After a couple of hours we went in for a fix if talk shows. The men did another shift but women were sent inside.

At night we turn off all lights except in the one room where the TV is and like the rest of world are glued to BBC CNN and al Jazeera.

The neighbourhood watch , militias, or what ever you want to call them are amazing. Good humor, comraderie, and respect characterise the interactions. Everyone is greeted with the normal peace be with you. And the incomer responds and also with you. The temperature is taken, information exchanged and the car drives on. The dignity and respect accorded others is one the most impressive qualities in the Arab world.

I mused on communications during the American war of independence and of how neighbors worked together both for something bigger than themselves while taking responsibility for their own security.

I am honored to be witnessing these transformational events.

Letter number 1

Today Miranda and I moved location. We had felt somewhat exposed in our flat as there were only two or three other families in the building and only one was Egyptian. This means that except for the Egyptians no one has a wide network of friends and compatriots to lend support. We paid our bowab (doorman and super) for January and gave him about $100 extra to keep an eye on our place. The banks are closed ; ATMs aren't working so he was very appreciative. I hope I don't need any dosh.

We have packed up clothes, important papers, silver and jewelry and the technology -- chargers adapters phones and computers. We don't know when we'll be back.

Remember we have had no TV since Friday morning and no Internet except on this UK phone. Texting doesn't work on Egyptian lines at present. Chris is in London monitoring accounts and communicating on our behalf.

Things seemed calm overnight and we thought we would come to our friends for awhile. The drive was shocking. Tanks with friendly troops, some special forces dressed for all the world like ninja turtles, a few signs of destruction and rioting. No traffic at all. No pollution either. Barricades had been set up along the way; one impediment was a large sewer pipe three meters in diameter plonked in the middle of the road. One of our concerns was that we were very near a jail from which prisoners had killed the officer in charge and escaped.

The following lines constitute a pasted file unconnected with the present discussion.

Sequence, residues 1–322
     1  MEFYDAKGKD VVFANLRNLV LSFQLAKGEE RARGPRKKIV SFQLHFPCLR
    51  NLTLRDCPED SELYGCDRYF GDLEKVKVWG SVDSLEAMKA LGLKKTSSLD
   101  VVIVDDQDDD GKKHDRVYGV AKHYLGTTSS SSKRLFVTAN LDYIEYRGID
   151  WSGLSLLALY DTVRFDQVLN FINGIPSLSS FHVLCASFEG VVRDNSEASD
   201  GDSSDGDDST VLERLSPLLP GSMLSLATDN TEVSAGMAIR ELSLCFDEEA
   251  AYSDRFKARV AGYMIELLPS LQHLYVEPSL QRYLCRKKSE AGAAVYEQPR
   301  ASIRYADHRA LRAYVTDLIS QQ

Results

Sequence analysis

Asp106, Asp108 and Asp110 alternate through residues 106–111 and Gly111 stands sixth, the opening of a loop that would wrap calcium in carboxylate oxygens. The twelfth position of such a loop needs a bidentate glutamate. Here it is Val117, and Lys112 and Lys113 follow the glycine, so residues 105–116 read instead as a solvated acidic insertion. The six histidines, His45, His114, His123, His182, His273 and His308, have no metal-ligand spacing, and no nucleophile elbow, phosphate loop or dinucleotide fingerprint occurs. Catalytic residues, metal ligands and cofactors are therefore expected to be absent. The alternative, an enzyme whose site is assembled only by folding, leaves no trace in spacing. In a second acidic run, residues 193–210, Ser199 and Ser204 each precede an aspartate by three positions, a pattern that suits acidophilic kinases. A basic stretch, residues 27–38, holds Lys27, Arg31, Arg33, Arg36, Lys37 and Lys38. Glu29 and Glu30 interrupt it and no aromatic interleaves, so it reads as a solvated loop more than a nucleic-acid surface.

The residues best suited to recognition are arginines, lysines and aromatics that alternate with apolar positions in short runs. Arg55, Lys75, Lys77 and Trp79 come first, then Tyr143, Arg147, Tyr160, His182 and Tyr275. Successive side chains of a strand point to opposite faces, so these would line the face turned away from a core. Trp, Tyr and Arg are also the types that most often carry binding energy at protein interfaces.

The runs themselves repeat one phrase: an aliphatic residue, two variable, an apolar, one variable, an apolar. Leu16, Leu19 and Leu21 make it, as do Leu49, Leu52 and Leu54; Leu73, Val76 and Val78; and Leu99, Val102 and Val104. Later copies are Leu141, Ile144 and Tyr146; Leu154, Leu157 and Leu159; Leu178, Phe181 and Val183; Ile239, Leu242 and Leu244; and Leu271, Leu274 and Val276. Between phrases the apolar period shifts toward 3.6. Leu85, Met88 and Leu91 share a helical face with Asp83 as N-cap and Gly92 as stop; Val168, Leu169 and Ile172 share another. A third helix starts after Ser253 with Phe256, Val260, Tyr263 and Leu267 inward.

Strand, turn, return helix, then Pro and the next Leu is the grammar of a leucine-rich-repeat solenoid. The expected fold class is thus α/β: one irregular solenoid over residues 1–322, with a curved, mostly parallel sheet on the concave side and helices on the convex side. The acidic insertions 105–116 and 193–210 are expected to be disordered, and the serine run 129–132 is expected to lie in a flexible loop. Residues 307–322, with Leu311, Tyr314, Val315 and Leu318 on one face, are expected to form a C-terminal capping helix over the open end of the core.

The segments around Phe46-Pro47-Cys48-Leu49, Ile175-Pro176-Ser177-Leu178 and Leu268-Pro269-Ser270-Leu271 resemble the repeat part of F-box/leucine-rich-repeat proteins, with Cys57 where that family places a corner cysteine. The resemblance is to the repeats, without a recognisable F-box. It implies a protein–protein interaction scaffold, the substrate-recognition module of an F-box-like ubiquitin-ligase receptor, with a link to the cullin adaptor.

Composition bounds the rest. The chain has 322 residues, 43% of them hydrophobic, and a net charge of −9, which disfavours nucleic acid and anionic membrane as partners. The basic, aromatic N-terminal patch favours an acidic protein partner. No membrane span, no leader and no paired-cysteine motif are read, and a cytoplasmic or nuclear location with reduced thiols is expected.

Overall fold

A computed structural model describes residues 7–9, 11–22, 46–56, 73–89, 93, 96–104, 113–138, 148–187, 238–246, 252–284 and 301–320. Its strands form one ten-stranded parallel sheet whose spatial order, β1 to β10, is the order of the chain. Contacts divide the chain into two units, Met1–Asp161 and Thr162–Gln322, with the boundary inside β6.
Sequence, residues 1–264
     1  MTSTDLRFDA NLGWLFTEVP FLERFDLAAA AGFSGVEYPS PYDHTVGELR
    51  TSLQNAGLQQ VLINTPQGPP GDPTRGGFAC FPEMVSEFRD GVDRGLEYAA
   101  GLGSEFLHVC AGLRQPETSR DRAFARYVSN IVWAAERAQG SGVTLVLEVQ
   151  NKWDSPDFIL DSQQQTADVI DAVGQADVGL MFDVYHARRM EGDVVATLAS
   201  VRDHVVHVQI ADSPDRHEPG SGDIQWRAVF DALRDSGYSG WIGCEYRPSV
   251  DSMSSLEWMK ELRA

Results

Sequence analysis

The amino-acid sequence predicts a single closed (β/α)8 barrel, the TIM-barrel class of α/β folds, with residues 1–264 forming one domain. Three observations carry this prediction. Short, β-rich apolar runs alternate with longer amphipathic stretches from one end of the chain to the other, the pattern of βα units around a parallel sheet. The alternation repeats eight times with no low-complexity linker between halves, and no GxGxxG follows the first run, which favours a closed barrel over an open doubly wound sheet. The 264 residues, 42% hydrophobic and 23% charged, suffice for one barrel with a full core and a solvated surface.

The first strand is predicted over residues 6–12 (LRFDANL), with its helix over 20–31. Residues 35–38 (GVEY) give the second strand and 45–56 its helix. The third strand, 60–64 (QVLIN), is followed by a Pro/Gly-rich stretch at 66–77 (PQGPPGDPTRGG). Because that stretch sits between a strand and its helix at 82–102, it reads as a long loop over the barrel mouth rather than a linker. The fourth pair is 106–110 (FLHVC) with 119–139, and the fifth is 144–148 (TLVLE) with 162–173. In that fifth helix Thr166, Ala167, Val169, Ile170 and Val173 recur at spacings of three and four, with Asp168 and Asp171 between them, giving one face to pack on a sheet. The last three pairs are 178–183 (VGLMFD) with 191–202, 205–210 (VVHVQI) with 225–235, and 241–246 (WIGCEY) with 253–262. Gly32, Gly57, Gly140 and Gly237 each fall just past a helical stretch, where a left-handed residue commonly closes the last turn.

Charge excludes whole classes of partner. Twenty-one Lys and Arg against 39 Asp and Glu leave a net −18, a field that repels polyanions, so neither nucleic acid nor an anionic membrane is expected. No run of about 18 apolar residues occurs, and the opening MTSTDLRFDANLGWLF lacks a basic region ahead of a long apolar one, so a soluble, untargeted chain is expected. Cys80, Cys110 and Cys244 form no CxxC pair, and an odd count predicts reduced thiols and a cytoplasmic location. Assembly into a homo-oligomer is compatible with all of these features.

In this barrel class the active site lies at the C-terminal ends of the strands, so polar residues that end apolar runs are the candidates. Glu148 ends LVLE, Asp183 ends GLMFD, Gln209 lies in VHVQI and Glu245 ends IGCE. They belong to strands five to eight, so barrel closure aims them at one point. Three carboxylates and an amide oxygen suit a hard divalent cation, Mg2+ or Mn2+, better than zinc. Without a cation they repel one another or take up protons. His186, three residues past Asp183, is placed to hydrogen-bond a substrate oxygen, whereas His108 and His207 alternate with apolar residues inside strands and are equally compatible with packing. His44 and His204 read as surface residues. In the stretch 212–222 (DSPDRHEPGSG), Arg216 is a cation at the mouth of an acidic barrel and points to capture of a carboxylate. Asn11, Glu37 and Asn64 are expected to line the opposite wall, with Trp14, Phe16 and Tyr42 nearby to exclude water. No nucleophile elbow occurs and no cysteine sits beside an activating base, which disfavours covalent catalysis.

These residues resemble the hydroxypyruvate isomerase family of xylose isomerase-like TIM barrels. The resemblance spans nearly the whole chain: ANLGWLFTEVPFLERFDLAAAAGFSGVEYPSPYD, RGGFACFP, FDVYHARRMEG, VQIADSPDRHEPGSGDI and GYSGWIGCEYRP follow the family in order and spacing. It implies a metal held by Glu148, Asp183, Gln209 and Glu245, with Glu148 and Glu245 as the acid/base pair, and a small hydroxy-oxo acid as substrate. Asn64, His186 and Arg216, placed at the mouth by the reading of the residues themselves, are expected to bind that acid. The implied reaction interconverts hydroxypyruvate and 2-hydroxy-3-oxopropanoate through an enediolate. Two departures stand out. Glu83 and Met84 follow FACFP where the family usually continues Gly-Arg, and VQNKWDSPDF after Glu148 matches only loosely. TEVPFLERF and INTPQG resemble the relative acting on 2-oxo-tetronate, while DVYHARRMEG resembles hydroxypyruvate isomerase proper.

It is a welcome relief being with friends in their beautiful garden. We passed a pleasant afternoon in the garden then ate lunch al fresco. The announcement of the new parliament disappoints. Same old, same old. There is widespread disbelief that Mubarak is persisting. These will be ministers for a week or two. A number of talented former ministers have turned down appointments.

There is an expectation that Obama will be needed to send a direct message that Mubarak needs to go. That this is not happening is explained by Israel's desire to live with the devil they know. Unless the US speaks clearly and soon, they will miss this opportunity to redeem themselves.

There is widespread concern about the economic consequences of a protracted disturbance. "How will we make payroll?" "this has set us back 10 years. " Two of our friends returned after visiting Tahrir square. They were very moved. Rich and poor. Religious and not. All were there to express their dissatisfaction with the government and the conditions.

We are on both the UK and US lists. The prospect of spending days at the airport , cut off from information again, and taking us away from our friends and this country we love us--at this historic moment -- is incentive enough to stay a bit longer. If things get significantly worse, we will leave of course. But for now we are happy to be with friends and watching an important period in Egypt's history.

It is evening now. Gunshots from homeowners stake their territory and discourage the chancer. Men and youth take turns standing guard. A campfire with marshmallows will provide cheer and warmth during the cold night.

Thanks again for your message and concern. I am sending this to those who have written, please feel free it pass it on. As the Internet is so limited, I hope you will excuse the impersonality of this missive.